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College of Law recognized nationally as innovative

Loyola press release - September 30, 2013

The Loyola University New Orleans College of Law has been recognized among the top innovative law schools in the country by the National Jurist and preLaw magazines for its new approach to legal education to debut in fall 2014. National Jurist is a leading legal publication for law students and preLaw magazine targets prospective law students.

The publications highlighted the College of Law for establishing “Practice Tracks,” a program that will give students the opportunity to observe and learn skills directly from experienced lawyers. Under “Practice Tracks,” law students may elect to develop their practical skills in civil litigation, criminal practice, transactional practice or a social justice track.

The College of Law’s new approach to legal education will also require students to take four core skills courses dedicated to essential lawyering skills such as client interviewing, negotiation, cross-cultural communication and law office management.

“The College of Law offers forward-thinking legal education, continually looking to the latest approaches in innovative experiential learning. We are dedicated to Loyola’s mission and the Jesuit tradition of ‘holistic’ education so that each law student has the skills and competencies necessary to be a confident professional on the day of graduation,” College of Law Dean María Pabón López, J.D., said.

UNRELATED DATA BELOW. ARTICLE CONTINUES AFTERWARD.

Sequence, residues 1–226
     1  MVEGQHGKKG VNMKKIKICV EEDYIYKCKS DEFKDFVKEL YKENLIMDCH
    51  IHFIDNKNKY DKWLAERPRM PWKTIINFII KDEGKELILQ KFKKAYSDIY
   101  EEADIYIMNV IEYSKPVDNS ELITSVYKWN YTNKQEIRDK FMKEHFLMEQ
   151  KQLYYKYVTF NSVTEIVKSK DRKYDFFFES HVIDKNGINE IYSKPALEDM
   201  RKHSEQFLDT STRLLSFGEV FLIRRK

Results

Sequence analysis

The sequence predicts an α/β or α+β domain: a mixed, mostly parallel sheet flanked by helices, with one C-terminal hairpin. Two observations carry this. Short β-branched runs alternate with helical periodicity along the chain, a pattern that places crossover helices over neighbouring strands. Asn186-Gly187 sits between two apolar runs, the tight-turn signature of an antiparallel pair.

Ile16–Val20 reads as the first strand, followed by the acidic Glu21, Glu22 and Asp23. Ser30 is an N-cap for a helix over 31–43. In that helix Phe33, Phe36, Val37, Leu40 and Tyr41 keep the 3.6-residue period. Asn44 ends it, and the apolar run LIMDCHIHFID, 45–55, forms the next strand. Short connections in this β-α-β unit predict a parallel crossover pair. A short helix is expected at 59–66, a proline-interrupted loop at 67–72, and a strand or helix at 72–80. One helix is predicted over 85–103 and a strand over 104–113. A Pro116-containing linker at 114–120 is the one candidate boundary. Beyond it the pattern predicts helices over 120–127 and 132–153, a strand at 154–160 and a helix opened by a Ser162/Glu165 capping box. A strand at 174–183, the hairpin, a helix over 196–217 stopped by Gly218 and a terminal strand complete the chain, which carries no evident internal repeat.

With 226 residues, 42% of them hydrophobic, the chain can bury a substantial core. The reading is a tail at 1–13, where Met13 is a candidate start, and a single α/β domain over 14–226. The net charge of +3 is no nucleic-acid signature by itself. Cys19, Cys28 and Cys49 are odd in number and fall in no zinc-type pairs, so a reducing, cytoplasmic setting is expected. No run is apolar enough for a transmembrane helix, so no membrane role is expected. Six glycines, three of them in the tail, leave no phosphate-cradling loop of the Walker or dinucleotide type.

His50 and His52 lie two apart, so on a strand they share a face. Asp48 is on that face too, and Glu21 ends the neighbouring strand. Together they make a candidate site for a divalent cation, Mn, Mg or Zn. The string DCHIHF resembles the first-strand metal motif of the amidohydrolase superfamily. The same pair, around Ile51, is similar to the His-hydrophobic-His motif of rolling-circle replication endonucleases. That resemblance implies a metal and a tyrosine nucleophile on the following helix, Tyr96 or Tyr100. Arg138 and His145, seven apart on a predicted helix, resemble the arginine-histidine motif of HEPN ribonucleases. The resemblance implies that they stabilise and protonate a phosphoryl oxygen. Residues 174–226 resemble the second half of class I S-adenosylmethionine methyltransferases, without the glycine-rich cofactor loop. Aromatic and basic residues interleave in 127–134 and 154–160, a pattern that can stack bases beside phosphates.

“We developed this focus on practical training based on the needs of potential employers and a changing legal landscape. I am confident that our ‘Practice Tracks’ will encourage students to become more engaged in their law school education and will create opportunities to become more marketable,” said Christine Cerniglia Brown ’98, J.D. ’03, who leads the College of Law’s Office of Skills and Experiential Learning.

After testing the new approach with a small number of law students this year, the College of Law is seeing higher enrollment in skills courses with more engagement and positive comments. "As a law school student, I rarely have time to think about the interviewing process. Now I know how to handle myself and I have ideas of how I may want to conduct a client interview," one student said in a survey.

The College of Law’s emphasis on an experiential education has led to its acceptance in Educating Tomorrow’s Lawyers, a consortium of 25 leading law schools across the country dedicated to transforming legal education. By offering a structured and highly collaborative approach to reimagining legal education, Educating Tomorrow’s Lawyers is creating a foundation for ongoing inquiry, exploration and measurement of experiential learning initiatives.

The College of Law is also a member of the Alliance on Experiential Education hosted by Northeastern University School of Law. The alliance promotes methods to ensure law graduates are prepared with the necessary skills and ethical and social values necessary to serve clients and the public interest.

“We could not innovate and gain such national recognition without the help of our dedicated skills faculty. This shared sense of community is what makes Loyola special,” Brown said.